FORMER IRELAND FOOTBALL manager Mick Cooke knew he had spotted a real talent when he saw Emma Byrne in action for the first time.
Source: Gary Carr/INPHO
He watched her blossom at underage level, and when the time was right, he added her to Ireland’s senior squad.
Her height was an obvious asset, but Cooke could also see that her days spent playing gaelic football added some good athletic attributes to her development as a player.
And when the Irish goalkeeper of the day Sue Hayden announced her retirement in 1996, Cooke knew he had an ideal replacement to call upon.
“When I brought her into the underage system,” he told The42, ”it wasn’t long before she made her way into the senior set-up. She was a fantastic athlete and she deserves everything she has got in her career.
She was a great goalkeeper to work with, everybody enjoyed working with her. She was very professional and that’s why she has lasted so long in the game.
“She came into replace a very famous goalkeeper in Sue Hayden and it was obviously a big decision to give Emma her chance. She was doing very well at underage, we had won the Dana Cup and the Gothia Cup which were underage tournaments.
“She shone in those two tournaments very well and obviously we brought her into the senior squad for training. She just progressed gradually. She deserved her chance and I think the longevity of her career probably proves it was right to give her that chance.”
Byrne would later go on to earn a total of 134 caps for Ireland across an international career spanning two decades. She also captained the side from 2013 until she announced her retirement recently.
Emma Byrne leading the Irish team out onto the pitch ahead of a friendly against Slovakia earlier this year.
Source: Ryan Byrne/INPHO
Ireland international Áine O’Gorman was 16 when she made her first appearance for Ireland, and when she first joined the squad, Byrne was among those who helped her assimilate into the group.
The Kildare native was already showing leadership qualities at that stage in her career, and O’Gorman could see she was the obvious candidate to succeed the former captain, and Arsenal teammate, Ciara Grant.
“I think it was a natural progression. Ciara was a good leader on the pitch aswell and Ciara and Emma were good friends at the time, so it obviously was the end of an era and a turning point.
“But it was a natural progression with all of Emma’s experience that she would take over the captain’s role.
I’d say she leads by example a lot. She was quite relaxed in her approach but would have always worked very hard. She was a great leader on the pitch from the back line, organising the back four and making sure that everyone was doing what they were supposed to be doing.
“She led by doing and if she felt she needed to say something, she’d step up and say it.”
Specific coaching for goalkeepers was all but non-existent during Cooke’s time with the Irish women’s team, meaning that aspiring players like Byrne were forced to learn the craft on the fly.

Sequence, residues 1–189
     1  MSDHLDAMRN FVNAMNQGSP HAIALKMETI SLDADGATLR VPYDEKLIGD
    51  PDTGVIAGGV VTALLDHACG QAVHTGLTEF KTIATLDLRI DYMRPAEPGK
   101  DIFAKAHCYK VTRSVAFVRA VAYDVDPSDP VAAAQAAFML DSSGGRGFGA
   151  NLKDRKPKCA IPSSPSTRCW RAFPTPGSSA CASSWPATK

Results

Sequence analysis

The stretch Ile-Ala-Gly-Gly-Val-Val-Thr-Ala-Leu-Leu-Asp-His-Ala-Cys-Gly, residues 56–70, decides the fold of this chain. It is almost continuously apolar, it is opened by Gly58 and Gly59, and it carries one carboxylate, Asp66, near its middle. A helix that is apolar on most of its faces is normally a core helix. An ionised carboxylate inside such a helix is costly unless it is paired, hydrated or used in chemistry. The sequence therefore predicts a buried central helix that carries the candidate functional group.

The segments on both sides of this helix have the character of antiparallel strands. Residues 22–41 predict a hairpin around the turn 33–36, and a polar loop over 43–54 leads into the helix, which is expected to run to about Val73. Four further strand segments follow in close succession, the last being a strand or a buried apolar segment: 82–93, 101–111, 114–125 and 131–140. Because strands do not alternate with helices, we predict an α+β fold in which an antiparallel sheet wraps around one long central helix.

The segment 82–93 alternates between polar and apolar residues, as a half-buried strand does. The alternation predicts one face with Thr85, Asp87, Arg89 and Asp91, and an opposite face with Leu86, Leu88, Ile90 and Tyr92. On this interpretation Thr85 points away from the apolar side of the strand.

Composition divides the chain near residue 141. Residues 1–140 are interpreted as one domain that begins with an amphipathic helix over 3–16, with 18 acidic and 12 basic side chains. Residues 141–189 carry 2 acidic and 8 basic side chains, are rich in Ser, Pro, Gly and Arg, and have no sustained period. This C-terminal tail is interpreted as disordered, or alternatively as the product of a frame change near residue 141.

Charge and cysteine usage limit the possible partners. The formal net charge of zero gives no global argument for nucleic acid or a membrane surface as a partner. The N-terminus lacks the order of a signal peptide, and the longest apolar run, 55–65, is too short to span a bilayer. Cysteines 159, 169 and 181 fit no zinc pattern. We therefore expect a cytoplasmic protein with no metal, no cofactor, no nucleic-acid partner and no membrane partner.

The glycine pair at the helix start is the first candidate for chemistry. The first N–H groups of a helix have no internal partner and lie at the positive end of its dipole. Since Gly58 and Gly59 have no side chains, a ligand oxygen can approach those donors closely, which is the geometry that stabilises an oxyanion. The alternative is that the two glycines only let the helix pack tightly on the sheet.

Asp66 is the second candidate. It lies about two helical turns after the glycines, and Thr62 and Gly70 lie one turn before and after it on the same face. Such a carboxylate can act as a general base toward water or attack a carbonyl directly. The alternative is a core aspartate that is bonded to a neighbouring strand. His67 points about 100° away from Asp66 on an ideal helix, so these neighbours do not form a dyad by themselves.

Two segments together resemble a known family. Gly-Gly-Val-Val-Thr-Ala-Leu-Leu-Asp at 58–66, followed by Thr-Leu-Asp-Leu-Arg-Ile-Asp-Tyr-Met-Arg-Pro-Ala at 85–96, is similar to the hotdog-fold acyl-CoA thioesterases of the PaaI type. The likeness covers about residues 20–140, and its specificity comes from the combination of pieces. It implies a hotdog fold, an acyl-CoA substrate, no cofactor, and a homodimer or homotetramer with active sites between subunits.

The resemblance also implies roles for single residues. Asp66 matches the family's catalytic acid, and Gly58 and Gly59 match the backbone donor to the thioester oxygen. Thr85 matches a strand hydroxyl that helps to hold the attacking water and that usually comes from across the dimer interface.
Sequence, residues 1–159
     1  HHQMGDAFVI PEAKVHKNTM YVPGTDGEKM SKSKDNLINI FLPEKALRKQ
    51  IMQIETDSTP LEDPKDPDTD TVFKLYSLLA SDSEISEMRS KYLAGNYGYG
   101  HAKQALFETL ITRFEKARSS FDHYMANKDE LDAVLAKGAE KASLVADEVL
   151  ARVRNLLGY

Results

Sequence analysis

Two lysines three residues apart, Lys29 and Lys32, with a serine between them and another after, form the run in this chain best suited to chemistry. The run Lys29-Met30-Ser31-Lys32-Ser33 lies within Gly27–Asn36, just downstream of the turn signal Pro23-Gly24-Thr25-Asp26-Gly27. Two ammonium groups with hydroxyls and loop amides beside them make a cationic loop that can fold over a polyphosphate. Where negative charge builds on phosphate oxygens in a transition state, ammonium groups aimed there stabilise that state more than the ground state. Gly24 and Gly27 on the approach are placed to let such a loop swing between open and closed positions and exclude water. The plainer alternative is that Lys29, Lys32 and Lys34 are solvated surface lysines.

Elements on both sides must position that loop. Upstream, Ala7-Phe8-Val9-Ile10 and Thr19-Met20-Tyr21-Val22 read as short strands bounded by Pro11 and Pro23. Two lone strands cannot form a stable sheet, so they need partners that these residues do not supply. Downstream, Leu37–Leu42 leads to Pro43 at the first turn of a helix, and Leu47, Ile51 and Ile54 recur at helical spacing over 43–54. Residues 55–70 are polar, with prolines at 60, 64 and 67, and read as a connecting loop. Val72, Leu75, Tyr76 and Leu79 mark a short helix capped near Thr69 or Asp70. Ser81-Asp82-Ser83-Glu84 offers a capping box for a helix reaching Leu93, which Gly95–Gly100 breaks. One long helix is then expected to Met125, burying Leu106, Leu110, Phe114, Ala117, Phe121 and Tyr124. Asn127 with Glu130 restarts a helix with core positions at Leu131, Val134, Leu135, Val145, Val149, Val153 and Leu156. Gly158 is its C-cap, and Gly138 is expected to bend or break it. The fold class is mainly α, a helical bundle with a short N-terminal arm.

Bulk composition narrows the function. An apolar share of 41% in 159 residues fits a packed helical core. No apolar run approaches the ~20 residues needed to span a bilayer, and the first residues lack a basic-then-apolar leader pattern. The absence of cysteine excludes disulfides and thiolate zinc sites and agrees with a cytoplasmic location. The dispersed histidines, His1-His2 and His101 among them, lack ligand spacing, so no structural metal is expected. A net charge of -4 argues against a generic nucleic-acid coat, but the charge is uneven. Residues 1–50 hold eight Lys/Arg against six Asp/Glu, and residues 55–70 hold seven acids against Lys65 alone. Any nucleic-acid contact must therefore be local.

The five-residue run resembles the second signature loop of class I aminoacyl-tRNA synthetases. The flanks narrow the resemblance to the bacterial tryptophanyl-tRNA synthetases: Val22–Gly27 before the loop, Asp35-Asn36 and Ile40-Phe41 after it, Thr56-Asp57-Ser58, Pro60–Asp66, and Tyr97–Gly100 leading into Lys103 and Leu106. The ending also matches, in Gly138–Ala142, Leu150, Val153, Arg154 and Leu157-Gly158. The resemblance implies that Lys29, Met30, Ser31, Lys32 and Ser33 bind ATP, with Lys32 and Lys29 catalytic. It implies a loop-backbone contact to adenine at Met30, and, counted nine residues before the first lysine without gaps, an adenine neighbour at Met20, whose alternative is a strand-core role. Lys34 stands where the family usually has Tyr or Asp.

But as Cooke recalls, she had all the right qualities to thrive in the position regardless.
“In my days, there was no distinctive goalkeeping coach at any level of football. It’s only in the latter years now where coaching has gone to another level within the game and goalkeeping coaches are being employed in a full-time capacity.
In my day, we sort of learned from goalkeepers themselves. Certainly, Sue Hayden passed on a lot of her experience to Emma in training. She was a quick learner after not being in the team for so long only that she did learn so quickly.
“She improved herself over time as well and she demanded that she be worked hard.”
Recently, Byrne’s leadership as a player was called upon off the pitch when the Irish women’s team took a stand against the FAI in relation to claims about poor player treatment.
The 38-year-old made reference to it in her retirement statement, in which she said, ‘thank you to the PFAI, SIPTU, the FAI and the Irish media for making my last battle a successful one.’
As a result of their resilience in that standoff, an agreement was reached with the FAI following lengthy talks.
O’Gorman notes how Byrne’s strength of character came to the surface during those days when the need was greatest.
“I suppose in her captain’s role, she was the leader of the team. When you’re in that role, you have to take on a lot of responsibility and she worked for the team. She was the go-to person between all the toing and froing in our negotiations.
As an experienced player in our team we all would have looked up to her leadership. It was a team thing but she had to speak on behalf of the team as the captain.”
O’Gorman would have preferred to see Byrne carry on as Ireland’s number one for a while longer, but she also understands her reasons for making the decision to step aside.
Byrne never made it to a major tournament with the national team, which is an unfortunate footnote on her career, but O’Gorman and the rest of the panel will strive to accomplish that goal after she departs the dressing room.
In any case, the UCD Waves forward will miss all the great qualities that Byrne gave to Ireland’s cause during her 23 years of service.
“I think the pride of what you really play for is to play for your country. That’s probably what we all strive to do as footballers is to represent our country. That’s probably one box she didn’t tick and she’s probably disappointed she didn’t but hopefully we can still do that in the future and she can see us on the tele.
“We’ll miss her round the place and her influence and experience both on the pitch and off the pitch. And just having her presence around will be definitely missed.”
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